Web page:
Fight Choreographer

The second type of choreography is fight, or combat, choreography. Any time two characters are fighting hand to hand or with handheld weapons such as swords or knives, then the fight has to be choreographed. Otherwise, if the actors try to set up the fight themselves, there's a good chance one or both of them will get hurt. Ask Cynthia McArthur; her job is to make sure that doesn't happen.

Just as a dance choreographer designs movements, Cynthia designs fights. She has to know what works and what doesn't. "Realistic fights don't shoot well," she says. "Historically accurate fights weren't pretty and never lasted more than a few seconds—

boring." Her main concern, from the very beginning, is the safety of the actors, especially when they're using her favorite form of combat, fencing. Even swords that have blunted tips and dulled edges can still, as your mother was fond of saying, poke your eye out. With that in mind, Cynthia always starts out by blocking the fight on paper. This gives her a rough idea of where the action is going to take place and where on the set the actors will be. The paper fight will then be shown to the director, and adjustments will be made. Once the paper fight is given a tentative final approval, physical blocking will start.

At this point in the process, several other elements come into play. Depending on how the director is going to shoot the fight, Cynthia will adapt her choreography. If the fight is between two principal actors, and both of their faces will be seen, then Cynthia has to teach both of them the complete routine. This includes showing each of them the correct moves and the order in which they'll come in the fight. All of this is done in extremely slow motion, over and over again, until the actors can perform the moves almost without thinking about them. Only then does the tempo pick up, a little bit at a time, until they are up to performance speed.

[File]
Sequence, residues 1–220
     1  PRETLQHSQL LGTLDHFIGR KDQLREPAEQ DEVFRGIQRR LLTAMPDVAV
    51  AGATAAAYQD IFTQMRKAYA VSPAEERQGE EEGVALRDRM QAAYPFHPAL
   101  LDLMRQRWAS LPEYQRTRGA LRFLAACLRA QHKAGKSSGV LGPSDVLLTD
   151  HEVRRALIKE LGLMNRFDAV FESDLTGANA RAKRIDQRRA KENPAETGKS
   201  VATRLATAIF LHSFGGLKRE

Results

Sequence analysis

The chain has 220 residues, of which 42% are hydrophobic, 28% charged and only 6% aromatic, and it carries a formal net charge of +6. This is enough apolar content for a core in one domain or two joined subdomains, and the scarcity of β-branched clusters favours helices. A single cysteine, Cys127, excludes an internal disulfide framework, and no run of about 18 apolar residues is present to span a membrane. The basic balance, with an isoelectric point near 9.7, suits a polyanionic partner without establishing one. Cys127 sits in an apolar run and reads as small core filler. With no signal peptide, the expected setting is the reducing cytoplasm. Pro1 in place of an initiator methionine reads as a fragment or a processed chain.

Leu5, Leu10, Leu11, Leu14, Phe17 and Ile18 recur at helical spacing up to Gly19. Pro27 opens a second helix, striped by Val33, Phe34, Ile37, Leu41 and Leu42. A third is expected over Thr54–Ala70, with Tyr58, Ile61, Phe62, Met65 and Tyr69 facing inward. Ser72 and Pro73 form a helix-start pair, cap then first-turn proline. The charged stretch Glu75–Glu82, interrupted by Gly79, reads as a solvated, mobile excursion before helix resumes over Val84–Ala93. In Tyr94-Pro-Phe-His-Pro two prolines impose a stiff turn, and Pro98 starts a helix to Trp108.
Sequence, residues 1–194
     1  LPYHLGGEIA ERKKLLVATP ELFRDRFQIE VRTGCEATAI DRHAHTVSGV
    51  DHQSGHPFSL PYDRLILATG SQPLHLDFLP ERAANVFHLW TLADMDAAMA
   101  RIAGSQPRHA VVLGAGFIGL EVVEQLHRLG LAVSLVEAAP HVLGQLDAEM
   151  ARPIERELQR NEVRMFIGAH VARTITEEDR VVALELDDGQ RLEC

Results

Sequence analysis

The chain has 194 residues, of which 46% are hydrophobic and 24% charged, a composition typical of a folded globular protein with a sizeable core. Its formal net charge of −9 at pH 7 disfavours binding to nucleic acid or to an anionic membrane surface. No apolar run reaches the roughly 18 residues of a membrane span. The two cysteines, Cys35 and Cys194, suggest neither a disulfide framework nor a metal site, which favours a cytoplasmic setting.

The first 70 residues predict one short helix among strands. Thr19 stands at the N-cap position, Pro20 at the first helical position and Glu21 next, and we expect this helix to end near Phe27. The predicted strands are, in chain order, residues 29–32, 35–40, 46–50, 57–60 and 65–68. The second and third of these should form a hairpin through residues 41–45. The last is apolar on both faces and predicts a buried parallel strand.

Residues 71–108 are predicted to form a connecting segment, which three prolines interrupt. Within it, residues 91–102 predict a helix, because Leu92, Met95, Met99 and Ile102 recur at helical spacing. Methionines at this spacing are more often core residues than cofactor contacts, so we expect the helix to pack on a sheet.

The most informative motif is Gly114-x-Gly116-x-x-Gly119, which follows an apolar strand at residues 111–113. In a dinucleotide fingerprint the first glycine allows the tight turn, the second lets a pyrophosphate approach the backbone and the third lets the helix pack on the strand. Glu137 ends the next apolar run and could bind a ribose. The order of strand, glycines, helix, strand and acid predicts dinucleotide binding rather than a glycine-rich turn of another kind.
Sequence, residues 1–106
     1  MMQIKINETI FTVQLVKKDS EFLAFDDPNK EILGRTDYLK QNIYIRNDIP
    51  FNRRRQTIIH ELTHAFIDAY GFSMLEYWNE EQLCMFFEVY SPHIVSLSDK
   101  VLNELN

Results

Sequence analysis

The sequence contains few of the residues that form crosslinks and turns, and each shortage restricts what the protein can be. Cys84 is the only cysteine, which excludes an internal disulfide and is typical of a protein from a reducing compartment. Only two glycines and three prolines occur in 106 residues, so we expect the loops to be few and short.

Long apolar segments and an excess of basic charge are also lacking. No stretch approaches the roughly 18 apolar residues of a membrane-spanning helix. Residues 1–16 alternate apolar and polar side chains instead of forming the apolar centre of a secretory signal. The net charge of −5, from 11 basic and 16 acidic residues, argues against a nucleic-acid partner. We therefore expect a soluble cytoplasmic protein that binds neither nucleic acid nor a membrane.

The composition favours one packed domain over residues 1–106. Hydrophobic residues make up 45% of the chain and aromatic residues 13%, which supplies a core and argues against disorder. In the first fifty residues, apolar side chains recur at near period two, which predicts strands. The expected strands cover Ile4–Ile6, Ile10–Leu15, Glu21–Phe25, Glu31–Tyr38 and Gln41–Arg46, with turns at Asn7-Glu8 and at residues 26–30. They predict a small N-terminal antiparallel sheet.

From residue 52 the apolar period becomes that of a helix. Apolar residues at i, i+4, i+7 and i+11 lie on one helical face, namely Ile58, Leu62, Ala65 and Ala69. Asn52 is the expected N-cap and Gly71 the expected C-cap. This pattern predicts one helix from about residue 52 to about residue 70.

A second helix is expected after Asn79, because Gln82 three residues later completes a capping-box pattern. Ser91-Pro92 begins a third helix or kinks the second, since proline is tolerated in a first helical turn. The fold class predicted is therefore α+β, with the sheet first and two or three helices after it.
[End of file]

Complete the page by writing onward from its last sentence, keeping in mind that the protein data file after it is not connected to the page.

If both principals aren't shown all the time or the fight is between the star and a minor player, then Cynthia often doubles for the actor fighting the star. Cynthia, or her husband Jeff, who is also a fight choreographer, sometimes even gets the chance to be in the film as the nameless fencer fighting the hero. In such cases, the fights can become a little more complex because at least one of the fighters is a professional. However, Cynthia is quick to point out that the most successful fights are incredibly simple: "If it's done right, the fight will look complex but still be simple enough to give the performer time to act."

Cynthia didn't come to this green. This is a person who has a full suit of armor in her living room. She has a thorough knowledge of competition fencing and hangs out with people who know metal and build swords. She can tell you, according to time period, if you should cut and parry or hack and slash. She also has a fair grasp on several of the hand-to-hand martial arts, so she can choreograph those as well.

As for getting into the field, Cynthia says fighting is the only way to go. Learn as many styles as you can and practice, practice, practice. Videotape yourself to learn what looks good; even volunteer to work with local theater groups. Stage combat is a little easier than film fighting because you don't have as many angles to deal with. Cynthia says the stage is the best place to learn and a great place to build your resume. Finally, watch as many swashbuckler films as you can get your hands on. Nobody does it like Errol Flynn, but more recent hits such as The Matrix and Crouching Tiger, Hidden Dragon show exactly where technology can take the art of the fight.

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